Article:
Furthermore, state owned enterprises (SOEs) play a fundamental role in China’s economy, implementing a large part of the government agenda such as the construction of China’s high-speed railway. They receive vast amount of funds from the government. However, since SOEs are generally less efficient than private enterprises funds flow into parts of the economy which generate fewer returns, which in turn generates more financial risk.
It should be mentioned that Chinese banks prefer to loan to SOEs and other large enterprises as opposed to private and smaller companies. This is mainly due to collateral: Since SOEs and large enterprises have natural advantages in this area with large-fixed assets such as land, they are more likely to receive loans. This puts asset-light private companies at a big disadvantage. For this reason, Chinese banks can seem to act more like pawnbrokers from a by-gone era rather than like a modern bank.
This point might come as a surprise to many. However, many Chinese companies, particularly in the technology sector, were launched with models based on their western counterparts. Alibaba, for example, borrowed from eBay’, DiDi studied Uber and Baidu Google. As overseas investors were already familiar with these models of these companies it was easier for them to place valuations.
For instance, the Gross Merchandise Value (GMV) is most often used as a core indicator in the e-commerce industry, which measures the total volume of orders sold (without deducting expenses). This is in sharp contrast to the traditional indicators such as sales, net profits, and gross margins.
Whether in the United States or Hong Kong, markets overseas allow loss-making companies to list. In China to file for listing, domestic companies are required to report their profitability, which must be positive. However, in overseas markets many loss-making companies still choose to list; they might even be operating at a loss for an extended period but as long as investors can see a growing performance on indicators like GMV their share prices will soar. On the other hand, many profitable companies with more mature business models may have a healthier cash flow in earlier stages, but after their market share stabilizes there is little room for future development.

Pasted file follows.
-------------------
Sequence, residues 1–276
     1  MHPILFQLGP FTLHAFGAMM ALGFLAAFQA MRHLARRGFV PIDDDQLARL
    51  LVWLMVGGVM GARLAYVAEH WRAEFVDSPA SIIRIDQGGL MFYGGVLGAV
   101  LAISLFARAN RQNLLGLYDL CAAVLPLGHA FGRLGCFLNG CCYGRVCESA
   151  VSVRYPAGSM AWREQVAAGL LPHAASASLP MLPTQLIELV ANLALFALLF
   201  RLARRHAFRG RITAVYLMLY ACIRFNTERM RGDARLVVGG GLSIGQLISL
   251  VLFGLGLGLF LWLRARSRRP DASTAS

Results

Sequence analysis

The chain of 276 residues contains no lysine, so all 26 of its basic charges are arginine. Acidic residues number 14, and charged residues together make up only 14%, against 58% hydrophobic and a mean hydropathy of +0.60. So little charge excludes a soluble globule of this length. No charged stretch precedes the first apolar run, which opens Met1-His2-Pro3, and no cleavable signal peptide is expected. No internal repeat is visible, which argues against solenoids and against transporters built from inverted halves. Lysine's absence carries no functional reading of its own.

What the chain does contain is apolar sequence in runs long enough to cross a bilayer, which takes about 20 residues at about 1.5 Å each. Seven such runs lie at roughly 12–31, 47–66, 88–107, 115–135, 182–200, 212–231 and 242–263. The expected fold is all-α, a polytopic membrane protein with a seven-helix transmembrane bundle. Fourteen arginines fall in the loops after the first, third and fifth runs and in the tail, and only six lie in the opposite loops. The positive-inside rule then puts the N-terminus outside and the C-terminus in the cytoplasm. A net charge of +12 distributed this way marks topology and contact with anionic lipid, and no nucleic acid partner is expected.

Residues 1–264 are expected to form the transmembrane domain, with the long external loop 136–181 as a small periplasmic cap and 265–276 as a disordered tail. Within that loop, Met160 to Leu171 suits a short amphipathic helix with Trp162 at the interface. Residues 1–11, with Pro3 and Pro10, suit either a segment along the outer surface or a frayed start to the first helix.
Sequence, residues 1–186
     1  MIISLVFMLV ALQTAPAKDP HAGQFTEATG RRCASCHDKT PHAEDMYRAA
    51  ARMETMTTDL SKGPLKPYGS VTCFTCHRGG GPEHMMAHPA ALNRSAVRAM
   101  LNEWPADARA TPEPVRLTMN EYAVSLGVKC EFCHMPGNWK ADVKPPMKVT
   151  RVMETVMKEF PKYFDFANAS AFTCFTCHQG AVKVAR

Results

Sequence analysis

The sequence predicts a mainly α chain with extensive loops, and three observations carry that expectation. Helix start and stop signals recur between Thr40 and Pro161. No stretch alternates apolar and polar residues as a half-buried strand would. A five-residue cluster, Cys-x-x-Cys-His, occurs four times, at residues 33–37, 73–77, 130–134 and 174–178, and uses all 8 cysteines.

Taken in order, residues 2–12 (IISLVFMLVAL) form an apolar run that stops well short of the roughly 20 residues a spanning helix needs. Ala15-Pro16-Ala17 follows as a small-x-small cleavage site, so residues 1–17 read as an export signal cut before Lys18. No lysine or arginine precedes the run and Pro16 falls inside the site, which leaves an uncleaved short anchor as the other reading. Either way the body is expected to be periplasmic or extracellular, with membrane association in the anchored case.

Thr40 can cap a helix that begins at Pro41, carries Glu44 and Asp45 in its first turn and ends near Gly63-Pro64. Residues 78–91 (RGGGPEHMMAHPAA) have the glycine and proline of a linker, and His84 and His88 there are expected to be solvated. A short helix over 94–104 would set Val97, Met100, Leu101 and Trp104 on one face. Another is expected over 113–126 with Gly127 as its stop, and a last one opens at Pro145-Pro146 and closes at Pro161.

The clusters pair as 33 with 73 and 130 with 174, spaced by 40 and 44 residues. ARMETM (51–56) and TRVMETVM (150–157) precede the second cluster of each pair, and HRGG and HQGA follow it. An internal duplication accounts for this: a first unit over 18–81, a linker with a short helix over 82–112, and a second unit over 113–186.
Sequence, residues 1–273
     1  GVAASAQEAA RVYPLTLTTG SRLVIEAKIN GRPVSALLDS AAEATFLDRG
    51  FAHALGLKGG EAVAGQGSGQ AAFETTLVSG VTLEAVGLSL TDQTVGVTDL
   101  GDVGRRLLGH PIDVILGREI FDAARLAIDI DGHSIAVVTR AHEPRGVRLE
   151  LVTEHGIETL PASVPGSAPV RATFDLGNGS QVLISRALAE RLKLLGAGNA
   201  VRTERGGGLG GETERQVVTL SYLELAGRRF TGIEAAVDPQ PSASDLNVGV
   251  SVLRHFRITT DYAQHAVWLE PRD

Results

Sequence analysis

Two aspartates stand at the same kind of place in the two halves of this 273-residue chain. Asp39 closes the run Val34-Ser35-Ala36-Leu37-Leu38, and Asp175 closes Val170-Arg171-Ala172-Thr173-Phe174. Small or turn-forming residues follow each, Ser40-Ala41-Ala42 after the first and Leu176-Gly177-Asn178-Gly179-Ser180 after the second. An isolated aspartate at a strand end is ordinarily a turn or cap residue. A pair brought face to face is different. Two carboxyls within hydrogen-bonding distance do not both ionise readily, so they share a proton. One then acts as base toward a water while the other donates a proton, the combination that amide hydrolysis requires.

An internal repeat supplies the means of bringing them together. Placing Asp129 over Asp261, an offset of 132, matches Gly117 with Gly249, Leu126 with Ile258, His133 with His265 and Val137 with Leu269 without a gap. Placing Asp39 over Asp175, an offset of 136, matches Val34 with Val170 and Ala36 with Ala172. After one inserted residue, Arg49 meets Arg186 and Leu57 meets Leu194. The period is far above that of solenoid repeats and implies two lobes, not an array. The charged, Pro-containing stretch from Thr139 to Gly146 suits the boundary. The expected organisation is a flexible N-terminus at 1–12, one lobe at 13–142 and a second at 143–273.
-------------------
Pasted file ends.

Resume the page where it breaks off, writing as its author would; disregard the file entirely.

In summary, stock markets focus on the ability of a company to grow in the future, not on its present success or its past achievements, therefore allowing loss-making companies to list has a great benefit for Chinese companies. Keeping these companies outside of the market is a shortcoming of China’s capital markets and must be changed in the future.
Another advantage on an institutional level is the dual-class stock system. For those with an understanding of China Concepts Stock, overseas markets, particularly the United States, allow companies to have dual-class stock ownership. Dual-class stocks are when investors hold the same number of shares but have different voting rights. For example, according to JD.com’s annual report, as of February 28, 2021, it had approximately 3 billion Class A and 4.5 billion Class B shares in circulation. Whereas Class A only designated 1 vote per share, Class B gave 20 votes. The CEO Liu Qiangdong owns 13.9% of the shares but 76.9% of voting rights – this gives him a firm grip on the company.
Alibaba considered listing on the Hong Kong Stock Exchange (HKEX) before deciding to list in the United States. However, at that time the HKEX had the same system as in China: it only allocated one vote per person. After the HKEX lost Alibaba it started to have regrets and decided to make reforms by introducing the dual-class stock system, announcing on April 30, 2018, that it would accept initial public offerings (IPOs) of companies with different voting structures for the same shares. Xiaomi became the first company to apply for an IPO on the HKEX, implementing a share model designating different voting rights.